Construction Law

Construction Document Control Best Practices Part 2 featured image

Construction Document Control Best Practices Part 2

Experienced St. Petersburg construction lawyers know that meeting the requirements of every stakeholder is difficult without ensuring vital documents and information is easy to access. We strongly encourage construction professionals to implement the best practices discussed in this series to avoid compromising project delivery and quality, as well as potential construction disputes. To read the beginning of our article, visit Part 1 to learn more about document control standards.

Keep Current and Accurate Records

Documents go through a lot of revisions. Construction members should be able to access current and accurate documents relevant to their jobs. A lack of current and accurate records will impact everyone at different levels of the operation. For example, failure to implement OSHA record-keeping standards can result in citations.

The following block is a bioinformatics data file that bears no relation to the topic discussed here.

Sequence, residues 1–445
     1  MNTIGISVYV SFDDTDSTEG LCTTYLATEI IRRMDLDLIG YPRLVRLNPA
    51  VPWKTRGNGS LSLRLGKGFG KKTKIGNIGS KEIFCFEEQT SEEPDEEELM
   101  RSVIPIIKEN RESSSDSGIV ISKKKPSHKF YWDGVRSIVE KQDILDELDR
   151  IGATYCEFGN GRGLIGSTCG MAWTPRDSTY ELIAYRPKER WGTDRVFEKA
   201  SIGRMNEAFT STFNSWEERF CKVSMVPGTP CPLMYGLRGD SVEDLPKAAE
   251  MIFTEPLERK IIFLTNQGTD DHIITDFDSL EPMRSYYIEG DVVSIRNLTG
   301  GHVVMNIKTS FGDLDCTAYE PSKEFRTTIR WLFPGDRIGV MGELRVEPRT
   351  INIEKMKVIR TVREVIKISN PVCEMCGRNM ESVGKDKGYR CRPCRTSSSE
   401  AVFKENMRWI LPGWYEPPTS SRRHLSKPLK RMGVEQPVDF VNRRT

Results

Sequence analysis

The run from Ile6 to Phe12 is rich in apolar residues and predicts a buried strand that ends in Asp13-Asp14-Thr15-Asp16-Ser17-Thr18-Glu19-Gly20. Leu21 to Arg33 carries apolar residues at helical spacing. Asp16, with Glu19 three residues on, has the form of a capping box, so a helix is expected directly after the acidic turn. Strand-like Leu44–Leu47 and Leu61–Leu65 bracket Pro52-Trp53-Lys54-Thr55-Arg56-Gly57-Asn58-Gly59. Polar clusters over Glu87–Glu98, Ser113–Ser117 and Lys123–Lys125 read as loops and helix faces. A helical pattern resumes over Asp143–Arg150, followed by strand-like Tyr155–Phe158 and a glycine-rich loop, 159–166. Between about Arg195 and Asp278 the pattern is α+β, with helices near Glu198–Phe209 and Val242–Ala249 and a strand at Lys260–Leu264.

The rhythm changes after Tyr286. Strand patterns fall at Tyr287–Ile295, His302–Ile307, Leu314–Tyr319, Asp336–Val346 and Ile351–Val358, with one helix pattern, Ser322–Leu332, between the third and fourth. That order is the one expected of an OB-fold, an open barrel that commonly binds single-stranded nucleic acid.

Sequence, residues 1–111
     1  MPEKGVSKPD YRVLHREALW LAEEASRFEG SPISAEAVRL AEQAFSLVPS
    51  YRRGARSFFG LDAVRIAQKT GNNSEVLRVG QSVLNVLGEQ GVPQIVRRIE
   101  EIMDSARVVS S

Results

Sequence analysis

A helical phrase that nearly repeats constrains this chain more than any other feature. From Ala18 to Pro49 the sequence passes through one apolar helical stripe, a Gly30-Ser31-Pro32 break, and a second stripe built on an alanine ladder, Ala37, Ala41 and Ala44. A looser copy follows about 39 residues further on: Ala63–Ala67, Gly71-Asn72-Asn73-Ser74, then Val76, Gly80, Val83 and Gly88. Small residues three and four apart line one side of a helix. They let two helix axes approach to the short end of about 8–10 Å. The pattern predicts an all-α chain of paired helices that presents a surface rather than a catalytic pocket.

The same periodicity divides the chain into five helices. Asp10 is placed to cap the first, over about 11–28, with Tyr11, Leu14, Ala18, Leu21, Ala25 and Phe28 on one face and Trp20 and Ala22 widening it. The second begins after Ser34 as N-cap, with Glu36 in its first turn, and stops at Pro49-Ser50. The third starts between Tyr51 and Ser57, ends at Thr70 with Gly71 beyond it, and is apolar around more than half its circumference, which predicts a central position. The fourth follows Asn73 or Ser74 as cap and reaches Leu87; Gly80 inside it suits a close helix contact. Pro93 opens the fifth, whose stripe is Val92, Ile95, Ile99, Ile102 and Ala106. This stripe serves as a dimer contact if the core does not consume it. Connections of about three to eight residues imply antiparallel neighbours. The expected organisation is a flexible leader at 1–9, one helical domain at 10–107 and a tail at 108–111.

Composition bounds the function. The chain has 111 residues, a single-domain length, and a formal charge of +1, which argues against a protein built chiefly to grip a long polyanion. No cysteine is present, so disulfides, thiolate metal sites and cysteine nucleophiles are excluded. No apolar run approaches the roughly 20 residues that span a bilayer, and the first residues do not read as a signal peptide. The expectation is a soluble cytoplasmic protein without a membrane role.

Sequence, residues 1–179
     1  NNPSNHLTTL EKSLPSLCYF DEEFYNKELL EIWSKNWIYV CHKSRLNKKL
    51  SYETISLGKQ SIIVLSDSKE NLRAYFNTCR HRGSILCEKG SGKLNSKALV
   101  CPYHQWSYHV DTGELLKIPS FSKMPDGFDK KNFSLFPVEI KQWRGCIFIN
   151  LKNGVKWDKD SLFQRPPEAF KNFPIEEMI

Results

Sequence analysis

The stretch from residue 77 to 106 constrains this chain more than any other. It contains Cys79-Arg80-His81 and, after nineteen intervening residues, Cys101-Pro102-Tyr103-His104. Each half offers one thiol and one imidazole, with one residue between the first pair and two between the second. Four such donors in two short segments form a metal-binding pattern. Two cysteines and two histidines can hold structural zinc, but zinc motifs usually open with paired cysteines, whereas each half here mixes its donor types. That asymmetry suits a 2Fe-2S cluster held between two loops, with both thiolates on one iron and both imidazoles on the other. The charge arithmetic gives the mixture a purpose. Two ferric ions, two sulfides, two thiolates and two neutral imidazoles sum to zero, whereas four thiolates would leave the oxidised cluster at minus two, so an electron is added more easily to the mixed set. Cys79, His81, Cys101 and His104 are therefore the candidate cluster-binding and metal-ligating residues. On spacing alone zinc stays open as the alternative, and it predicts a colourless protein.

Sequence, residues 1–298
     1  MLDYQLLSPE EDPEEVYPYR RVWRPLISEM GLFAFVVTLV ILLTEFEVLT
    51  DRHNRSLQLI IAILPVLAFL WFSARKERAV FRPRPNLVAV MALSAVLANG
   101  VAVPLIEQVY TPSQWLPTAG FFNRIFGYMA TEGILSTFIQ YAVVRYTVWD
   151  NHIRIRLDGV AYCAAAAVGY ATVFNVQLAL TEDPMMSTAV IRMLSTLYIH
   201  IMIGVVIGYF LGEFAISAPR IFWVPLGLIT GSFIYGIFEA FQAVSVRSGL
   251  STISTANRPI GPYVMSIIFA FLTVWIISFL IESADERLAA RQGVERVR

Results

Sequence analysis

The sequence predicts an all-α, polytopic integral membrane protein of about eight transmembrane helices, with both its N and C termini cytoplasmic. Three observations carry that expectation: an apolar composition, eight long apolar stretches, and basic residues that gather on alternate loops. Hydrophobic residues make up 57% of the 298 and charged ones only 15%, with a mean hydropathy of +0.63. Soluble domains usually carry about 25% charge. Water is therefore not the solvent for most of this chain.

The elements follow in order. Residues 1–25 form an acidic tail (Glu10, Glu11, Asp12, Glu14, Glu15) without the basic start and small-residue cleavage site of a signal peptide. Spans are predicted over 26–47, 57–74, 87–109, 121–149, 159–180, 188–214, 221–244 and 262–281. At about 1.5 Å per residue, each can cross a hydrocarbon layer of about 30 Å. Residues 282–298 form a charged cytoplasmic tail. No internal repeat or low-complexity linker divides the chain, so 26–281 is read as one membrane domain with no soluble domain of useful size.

Make Documents Accessible and Identifiable

Along with improving your document control technology, it’s vital that your documents are identifiable. Every document should be uniquely coded so that it can be traced. Your system for identifying, assessing, and tracking documents should be outlined in your internal processes and procedures.

Have a System For Changes

Every construction professional knows that projects are subject to change outside of the original Scope of Work. This is why a system for changes is necessary. If there are revisions to drawings, a change on a design or materials, there needs to be a system in place so these changes can be communicated to the appropriate parties quickly. With a disorderly system, outdated procedures will be performed which could lead to construction claims such as a negligent design or costly construction defects.

To request a consultation with a St. Petersburg construction attorney, please call us today at 813.579.3278 or submit our contact request form.

Disclaimer: The information contained in this article is for general educational information only. This information does not constitute legal advice, is not intended to constitute legal advice, nor should it be relied upon as legal advice for your specific factual pattern or situation.